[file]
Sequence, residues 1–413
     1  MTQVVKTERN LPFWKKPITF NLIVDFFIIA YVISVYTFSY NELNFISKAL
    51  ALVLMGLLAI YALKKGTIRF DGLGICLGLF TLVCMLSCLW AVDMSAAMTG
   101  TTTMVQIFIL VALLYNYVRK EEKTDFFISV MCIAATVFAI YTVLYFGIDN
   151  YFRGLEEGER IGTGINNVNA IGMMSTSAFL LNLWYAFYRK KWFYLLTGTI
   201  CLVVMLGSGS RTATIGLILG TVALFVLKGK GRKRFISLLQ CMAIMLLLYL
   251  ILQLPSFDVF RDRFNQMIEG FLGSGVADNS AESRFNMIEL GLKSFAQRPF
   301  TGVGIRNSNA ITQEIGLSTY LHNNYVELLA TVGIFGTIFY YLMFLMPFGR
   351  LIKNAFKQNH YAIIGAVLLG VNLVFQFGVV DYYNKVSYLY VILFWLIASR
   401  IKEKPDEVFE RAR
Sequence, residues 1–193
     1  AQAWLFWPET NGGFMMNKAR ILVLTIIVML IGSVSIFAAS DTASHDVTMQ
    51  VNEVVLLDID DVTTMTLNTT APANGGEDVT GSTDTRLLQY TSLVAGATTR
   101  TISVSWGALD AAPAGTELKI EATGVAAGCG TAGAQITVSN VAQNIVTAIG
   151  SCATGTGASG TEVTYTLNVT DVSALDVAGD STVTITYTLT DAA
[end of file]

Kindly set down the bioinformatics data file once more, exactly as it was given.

Sequence, residues 1–413
     1  MTQVVKTERN LPFWKKPITF NLIVDFFIIA YVISVYTFSY NELNFISKAL
    51  ALVLMGLLAI YALKKGTIRF DGLGICLGLF TLVCMLSCLW AVDMSAAMTG
   101  TTTMVQIFIL VALLYNYVRK EEKTDFFISV MCIAATVFAI YTVLYFGIDN
   151  YFRGLEEGER IGTGINNVNA IGMMSTSAFL LNLWYAFYRK KWFYLLTGTI
   201  CLVVMLGSGS RTATIGLILG TVALFVLKGK GRKRFISLLQ CMAIMLLLYL
   251  ILQLPSFDVF RDRFNQMIEG FLGSGVADNS AESRFNMIEL GLKSFAQRPF
   301  TGVGIRNSNA ITQEIGLSTY LHNNYVELLA TVGIFGTIFY YLMFLMPFGR
   351  LIKNAFKQNH YAIIGAVLLG VNLVFQFGVV DYYNKVSYLY VILFWLIASR
   401  IKEKPDEVFE RAR
Sequence, residues 1–193
     1  AQAWLFWPET NGGFMMNKAR ILVLTIIVML IGSVSIFAAS DTASHDVTMQ
    51  VNEVVLLDID DVTTMTLNTT APANGGEDVT GSTDTRLLQY TSLVAGATTR
   101  TISVSWGALD AAPAGTELKI EATGVAAGCG TAGAQITVSN VAQNIVTAIG
   151  SCATGTGASG TEVTYTLNVT DVSALDVAGD STVTITYTLT DAA